Landscape Ecology

, Volume 26, Issue 1, pp 7–18

The influence of landscape, patch, and within-patch factors on species presence and abundance: a review of focal patch studies

Authors

    • Department of Wildlife Ecology and ConservationUniversity of Florida
  • Lyn C. Branch
    • Department of Wildlife Ecology and ConservationUniversity of Florida
  • Melvin E. Sunquist
    • Department of Wildlife Ecology and ConservationUniversity of Florida
Landscape Ecology in Review

DOI: 10.1007/s10980-010-9549-z

Cite this article as:
Thornton, D.H., Branch, L.C. & Sunquist, M.E. Landscape Ecol (2011) 26: 7. doi:10.1007/s10980-010-9549-z

Abstract

Understanding the influence of large and small-scale heterogeneity on species distribution and abundance is one of the major foci of landscape ecology research in fragmented environments. Although a large number of studies have addressed this issue individually, little effort has been made to synthesize the vast amount of literature published in the last decade. We reviewed 122 focal patch studies on 954 species published between 1998 and 2009 to determine the probability of species responding significantly to landscape, patch, and within-patch variables. We assessed the influence of taxonomic, life history, and methodological variables on probability of response to these 3 levels. Species in diverse taxa responded at high rates to factors at all three levels, suggesting that a multi-level approach is often necessary for understanding species response in patchy systems. Mammals responded at particularly high rates to landscape variables and therefore may benefit more than other taxa from landscape-level conservation efforts in fragmented environments. The probability of detecting a species response to landscape context, patch, and within-patch factors was influenced by a variety of methodological aspects of the studies such as type of landscape metric used, type of response variable, and sample size. Study design issues rarely are discussed by authors as reasons why a particular study did not find an effect of a variable, but should be given more consideration in future studies.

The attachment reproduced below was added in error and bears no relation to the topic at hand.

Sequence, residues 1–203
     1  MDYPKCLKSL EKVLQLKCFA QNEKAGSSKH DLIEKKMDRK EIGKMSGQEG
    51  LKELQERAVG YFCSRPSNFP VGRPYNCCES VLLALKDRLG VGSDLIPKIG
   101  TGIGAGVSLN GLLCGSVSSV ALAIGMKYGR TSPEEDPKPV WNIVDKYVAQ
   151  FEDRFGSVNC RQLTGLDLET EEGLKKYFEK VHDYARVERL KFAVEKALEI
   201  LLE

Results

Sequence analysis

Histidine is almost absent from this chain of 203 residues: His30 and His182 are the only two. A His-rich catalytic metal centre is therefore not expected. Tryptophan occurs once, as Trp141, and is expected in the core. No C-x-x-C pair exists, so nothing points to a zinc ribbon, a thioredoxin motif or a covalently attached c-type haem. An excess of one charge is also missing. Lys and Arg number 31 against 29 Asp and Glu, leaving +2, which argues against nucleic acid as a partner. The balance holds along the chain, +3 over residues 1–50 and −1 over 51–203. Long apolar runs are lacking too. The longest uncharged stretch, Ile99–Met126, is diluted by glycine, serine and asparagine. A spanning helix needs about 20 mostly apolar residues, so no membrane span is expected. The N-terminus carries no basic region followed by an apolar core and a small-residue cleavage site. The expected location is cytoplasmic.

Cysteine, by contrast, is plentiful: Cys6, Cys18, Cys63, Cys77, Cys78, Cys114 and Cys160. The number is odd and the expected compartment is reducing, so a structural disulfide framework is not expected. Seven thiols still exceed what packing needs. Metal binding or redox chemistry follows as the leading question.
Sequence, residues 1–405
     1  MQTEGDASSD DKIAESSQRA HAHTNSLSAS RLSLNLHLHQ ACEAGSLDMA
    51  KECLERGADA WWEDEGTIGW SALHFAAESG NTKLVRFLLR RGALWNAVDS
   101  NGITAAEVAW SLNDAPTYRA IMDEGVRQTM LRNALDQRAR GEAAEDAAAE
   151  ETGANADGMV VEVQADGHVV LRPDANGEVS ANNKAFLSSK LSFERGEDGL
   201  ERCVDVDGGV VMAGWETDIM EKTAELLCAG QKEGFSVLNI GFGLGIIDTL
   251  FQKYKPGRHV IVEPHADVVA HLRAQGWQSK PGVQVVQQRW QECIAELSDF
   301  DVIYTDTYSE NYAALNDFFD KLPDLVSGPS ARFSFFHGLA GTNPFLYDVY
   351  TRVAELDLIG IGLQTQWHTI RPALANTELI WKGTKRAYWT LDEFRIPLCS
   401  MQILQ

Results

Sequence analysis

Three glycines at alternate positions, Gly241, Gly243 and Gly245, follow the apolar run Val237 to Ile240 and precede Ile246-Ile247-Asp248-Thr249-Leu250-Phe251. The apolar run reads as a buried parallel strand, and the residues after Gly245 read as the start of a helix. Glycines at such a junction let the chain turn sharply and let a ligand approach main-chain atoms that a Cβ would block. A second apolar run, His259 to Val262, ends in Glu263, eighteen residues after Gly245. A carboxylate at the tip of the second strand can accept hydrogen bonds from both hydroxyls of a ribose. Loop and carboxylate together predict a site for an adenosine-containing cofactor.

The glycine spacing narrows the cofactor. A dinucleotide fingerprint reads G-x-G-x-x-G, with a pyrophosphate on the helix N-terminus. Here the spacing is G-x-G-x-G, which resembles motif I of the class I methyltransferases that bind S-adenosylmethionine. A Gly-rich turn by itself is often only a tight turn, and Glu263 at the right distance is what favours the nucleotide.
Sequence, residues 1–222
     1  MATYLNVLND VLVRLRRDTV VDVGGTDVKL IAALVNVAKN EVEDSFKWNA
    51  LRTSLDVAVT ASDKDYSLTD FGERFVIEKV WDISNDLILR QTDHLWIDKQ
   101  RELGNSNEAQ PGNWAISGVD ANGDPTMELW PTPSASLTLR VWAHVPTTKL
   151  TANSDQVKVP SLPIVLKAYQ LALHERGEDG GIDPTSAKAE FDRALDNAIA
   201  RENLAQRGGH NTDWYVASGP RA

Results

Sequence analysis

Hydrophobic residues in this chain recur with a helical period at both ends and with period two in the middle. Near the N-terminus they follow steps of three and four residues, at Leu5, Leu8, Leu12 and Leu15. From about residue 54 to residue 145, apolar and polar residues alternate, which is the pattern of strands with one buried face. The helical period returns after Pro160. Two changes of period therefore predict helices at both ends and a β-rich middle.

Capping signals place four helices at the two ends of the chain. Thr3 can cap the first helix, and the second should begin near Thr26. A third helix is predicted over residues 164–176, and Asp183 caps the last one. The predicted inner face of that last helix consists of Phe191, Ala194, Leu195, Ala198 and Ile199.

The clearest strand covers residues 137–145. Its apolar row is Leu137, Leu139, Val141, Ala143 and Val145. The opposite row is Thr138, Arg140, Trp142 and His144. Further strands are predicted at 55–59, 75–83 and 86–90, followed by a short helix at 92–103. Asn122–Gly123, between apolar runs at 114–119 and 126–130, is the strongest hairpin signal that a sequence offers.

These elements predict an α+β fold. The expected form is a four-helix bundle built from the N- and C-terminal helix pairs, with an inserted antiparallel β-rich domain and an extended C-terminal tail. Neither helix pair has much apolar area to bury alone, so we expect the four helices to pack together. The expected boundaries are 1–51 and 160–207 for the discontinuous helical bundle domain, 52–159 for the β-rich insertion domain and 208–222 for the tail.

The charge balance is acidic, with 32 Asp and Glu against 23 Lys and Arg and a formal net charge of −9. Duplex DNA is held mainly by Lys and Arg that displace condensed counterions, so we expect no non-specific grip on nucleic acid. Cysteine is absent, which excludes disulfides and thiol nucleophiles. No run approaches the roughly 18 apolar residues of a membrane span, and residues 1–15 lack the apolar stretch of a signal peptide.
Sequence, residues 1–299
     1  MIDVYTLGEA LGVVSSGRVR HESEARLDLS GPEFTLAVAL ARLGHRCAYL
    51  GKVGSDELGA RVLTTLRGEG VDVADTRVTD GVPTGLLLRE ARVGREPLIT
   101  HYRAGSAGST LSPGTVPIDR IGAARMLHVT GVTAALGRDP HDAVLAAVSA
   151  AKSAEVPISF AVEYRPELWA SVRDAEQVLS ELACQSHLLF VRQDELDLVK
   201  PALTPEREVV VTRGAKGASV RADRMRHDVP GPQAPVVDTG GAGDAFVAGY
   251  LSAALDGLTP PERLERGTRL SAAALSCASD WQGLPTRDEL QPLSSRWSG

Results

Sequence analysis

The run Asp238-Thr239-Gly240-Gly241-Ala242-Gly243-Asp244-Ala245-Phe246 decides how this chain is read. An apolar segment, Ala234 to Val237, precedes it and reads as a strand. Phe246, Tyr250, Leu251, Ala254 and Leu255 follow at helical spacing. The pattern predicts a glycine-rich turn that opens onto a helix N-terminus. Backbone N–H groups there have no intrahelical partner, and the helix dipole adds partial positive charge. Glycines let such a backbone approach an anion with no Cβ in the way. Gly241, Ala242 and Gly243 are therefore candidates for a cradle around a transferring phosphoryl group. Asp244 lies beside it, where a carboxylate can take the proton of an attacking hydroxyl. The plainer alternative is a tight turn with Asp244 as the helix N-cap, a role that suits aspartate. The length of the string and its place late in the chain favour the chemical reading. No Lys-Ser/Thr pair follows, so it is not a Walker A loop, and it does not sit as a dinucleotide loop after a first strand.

Keywords

Focal patch studyIsolationLandscapePatch qualityPresence–absence vs. abundanceReviewMulti-levelSample sizeStudy design and methodology

Supplementary material

10980_2010_9549_MOESM1_ESM.doc (363 kb)
Supplementary material 1 (DOC 363 kb)

Copyright information

© Springer Science+Business Media B.V. 2010